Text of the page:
Less “Critical Thinking,” More Rote Memorization

Modern cognitive scientists have realized that much of human intelligence is tied to memory. Their research is mostly in terms of “working memory,” or the ability to “hold” multiple things in the “front of one’s mind” and make connections and synthesize distinct pieces of information.

Besides working memory, having powerful long-term memory contributes significantly to intelligence and academic prowess. Imagine if you could remember 10% or 20% more of everything you have ever read or every insight or “light bulb moment” you have ever had? So much of what our minds produce in terms of thought, cognition, and understanding are like momentary flashes that disappear in the ether after a brief amount of time, but if we could only hold on to them in our memories, our insight and knowledge would grow instead of remain in a state of stasis. (By the way, keeping a diary or recording your thoughts goes a long way in helping with retention.)

Anyway, my point is this: isn’t it unfortunate how little of modern education focuses on memorization and building a child’s memory capacity? From my experience attending public school in the US a couple of decades ago, there was virtually no attention paid to this in the curriculum. And I think the situation is similar today.

In fact, to say that one’s schooling involved “rote memorization” is essentially an insult. The ultimate cognitive skill modern education aims to inculcate is “critical thinking.” Not that critical thinking is a bad thing, depending on what one means by that term. But memorization, in contrast, is often associated with mindlessness and backwardness, whereas current scientific research shows memory is a crucial component of overall intelligence.

If you look at Islamic education prior to modernity and the colonization of the Muslim world, so much of it was devoted to memorization, especially for children and young adults. To this day in Egypt, for example, many children start off their education by beginning the memorization of the Quran. We also read about young adults in parts of Africa and South Asia who have memorized not only the Quran but also the 6 sahih books of hadith and other texts as well! Imagine some of the great Muslim scholars who memorized vast collections of hadith as well as legal manuscripts, commentaries, and super-commentaries AND THEN synthesized all that information in the “front of their minds” to adjudicate on this or that question or issue and write their own works and develop their methodologies, etc. This is not a romanticization of the past — these are simply facts.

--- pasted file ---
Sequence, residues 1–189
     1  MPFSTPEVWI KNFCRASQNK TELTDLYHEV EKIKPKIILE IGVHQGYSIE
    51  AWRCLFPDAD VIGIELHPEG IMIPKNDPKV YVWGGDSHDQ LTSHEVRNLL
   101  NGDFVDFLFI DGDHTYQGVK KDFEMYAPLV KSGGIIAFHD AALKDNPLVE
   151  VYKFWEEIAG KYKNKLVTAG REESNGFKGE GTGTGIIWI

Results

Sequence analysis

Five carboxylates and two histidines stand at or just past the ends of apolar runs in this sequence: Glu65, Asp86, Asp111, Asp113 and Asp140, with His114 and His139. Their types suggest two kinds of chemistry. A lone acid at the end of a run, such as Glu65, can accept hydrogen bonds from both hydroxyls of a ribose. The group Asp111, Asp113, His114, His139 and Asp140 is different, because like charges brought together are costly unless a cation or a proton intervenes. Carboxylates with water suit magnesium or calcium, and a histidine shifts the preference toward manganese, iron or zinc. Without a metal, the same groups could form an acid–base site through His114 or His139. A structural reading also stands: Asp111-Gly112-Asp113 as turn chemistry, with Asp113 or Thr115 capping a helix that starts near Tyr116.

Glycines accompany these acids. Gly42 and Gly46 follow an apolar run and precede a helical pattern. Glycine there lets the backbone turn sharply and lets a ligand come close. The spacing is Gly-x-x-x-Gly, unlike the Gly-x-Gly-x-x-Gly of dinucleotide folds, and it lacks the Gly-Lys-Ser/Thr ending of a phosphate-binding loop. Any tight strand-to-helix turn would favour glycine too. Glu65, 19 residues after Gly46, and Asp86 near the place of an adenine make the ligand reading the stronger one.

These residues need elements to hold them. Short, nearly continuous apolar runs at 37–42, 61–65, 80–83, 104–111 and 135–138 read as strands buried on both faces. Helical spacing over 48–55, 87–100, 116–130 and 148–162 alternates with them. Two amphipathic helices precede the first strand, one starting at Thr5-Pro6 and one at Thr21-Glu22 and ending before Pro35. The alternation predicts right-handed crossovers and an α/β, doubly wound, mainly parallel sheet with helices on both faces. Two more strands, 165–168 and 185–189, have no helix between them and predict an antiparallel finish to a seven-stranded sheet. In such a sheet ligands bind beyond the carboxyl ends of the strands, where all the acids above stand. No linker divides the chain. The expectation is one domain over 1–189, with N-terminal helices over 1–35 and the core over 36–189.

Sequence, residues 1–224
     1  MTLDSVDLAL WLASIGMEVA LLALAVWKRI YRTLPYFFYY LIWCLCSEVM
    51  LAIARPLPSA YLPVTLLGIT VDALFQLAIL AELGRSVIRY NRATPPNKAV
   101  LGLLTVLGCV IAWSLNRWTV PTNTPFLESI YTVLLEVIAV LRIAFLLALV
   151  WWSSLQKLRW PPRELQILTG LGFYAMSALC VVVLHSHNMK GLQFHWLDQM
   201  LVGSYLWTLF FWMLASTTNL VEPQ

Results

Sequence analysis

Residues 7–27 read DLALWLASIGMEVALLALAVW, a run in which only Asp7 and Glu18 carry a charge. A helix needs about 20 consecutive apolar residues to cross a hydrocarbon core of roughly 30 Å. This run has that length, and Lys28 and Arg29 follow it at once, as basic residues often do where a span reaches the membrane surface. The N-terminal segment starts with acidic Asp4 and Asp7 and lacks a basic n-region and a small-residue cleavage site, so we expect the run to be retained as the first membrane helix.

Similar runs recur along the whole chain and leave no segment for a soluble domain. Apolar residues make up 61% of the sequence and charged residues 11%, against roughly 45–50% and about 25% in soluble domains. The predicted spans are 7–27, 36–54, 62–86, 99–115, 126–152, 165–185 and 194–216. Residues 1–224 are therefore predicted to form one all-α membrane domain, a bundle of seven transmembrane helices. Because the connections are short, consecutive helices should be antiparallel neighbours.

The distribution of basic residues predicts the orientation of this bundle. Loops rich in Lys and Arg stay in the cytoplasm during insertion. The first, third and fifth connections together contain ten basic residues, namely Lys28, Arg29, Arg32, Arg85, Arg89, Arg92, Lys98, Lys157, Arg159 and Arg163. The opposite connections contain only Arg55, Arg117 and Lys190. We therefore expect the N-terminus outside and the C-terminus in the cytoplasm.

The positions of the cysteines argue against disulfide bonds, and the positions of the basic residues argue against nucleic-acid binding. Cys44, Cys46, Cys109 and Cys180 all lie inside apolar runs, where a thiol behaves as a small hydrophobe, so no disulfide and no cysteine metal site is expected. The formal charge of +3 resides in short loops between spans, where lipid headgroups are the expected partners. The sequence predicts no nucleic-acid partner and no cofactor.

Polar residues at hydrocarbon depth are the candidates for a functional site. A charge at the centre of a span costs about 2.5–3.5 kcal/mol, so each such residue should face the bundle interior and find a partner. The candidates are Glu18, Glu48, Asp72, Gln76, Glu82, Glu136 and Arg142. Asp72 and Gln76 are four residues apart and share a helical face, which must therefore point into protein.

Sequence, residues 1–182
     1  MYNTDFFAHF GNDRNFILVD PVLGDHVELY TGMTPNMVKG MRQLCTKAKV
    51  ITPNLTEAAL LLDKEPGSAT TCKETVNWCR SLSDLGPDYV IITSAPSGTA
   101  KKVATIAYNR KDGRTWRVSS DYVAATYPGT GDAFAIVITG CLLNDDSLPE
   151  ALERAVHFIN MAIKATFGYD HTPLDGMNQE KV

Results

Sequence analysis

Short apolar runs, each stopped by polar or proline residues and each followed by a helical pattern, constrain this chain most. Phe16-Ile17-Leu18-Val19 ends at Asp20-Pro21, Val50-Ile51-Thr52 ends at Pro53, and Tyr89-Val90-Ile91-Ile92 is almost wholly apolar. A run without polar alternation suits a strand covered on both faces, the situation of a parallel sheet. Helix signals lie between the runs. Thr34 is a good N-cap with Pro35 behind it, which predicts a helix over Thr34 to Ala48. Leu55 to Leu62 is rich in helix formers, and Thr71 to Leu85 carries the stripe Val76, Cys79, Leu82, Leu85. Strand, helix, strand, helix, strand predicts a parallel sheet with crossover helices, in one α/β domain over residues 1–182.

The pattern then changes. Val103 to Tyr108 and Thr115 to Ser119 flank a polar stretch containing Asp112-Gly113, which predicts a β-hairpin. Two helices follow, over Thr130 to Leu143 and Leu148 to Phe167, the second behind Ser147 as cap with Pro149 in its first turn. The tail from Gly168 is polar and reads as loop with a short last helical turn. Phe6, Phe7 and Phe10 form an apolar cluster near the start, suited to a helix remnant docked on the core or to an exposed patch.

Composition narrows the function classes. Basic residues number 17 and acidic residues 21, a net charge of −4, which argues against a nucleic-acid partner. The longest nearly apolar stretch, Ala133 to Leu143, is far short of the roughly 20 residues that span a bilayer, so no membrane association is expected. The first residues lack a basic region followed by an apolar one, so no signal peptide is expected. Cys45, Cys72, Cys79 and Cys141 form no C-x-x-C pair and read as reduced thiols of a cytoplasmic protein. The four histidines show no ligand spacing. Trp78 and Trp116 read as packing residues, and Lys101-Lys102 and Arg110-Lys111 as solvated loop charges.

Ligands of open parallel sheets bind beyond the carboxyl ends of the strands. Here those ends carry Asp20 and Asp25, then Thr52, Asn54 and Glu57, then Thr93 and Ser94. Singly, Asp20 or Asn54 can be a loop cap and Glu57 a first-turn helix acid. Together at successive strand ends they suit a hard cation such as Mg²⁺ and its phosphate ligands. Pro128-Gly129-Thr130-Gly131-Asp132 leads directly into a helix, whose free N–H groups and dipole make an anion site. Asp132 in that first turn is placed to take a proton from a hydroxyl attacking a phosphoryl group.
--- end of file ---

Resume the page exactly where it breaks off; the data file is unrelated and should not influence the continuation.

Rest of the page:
And the reality is our modern technology cannot reproduce that. Sure, we have libraries of classical Islamic manuscripts and collections saved on our computers, on internet servers, in the “cloud.” But the working memory capacity that a person needs to synthesize significant amounts of information, that is a unique ability that vanishingly few people have today mostly because rote memorization is not a priority in our education anymore.

Does all this mean we lack the level of intelligence that our ancestors in the past had at their disposal…? If so, wouldn’t that be ironic considering how advanced and enlightened we see ourselves today vis-a-vis the people of the past, i.e., those simpletons of the dark ages.


Practical next step, if you have children, get them on a Quranic memorization program. Or work on memorization yourself. As for working memory, there are a lot of online games to help improve it, e.g.,www.spaceminespatrol.com.

Modern cognitive scientists have realized that much of human intelligence is tied to memory. Their research is mostly in…

Posted by Daniel Haqiqatjou on Tuesday, October 13, 2015

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SubhanAllah! This is incredible. Thank you for sharing! May Allah give us all Tawfiq.


Jazakallah Khair brother.

So true. Hafiz has many rewards.

And thanks for promoting classical Islamic education over the modern.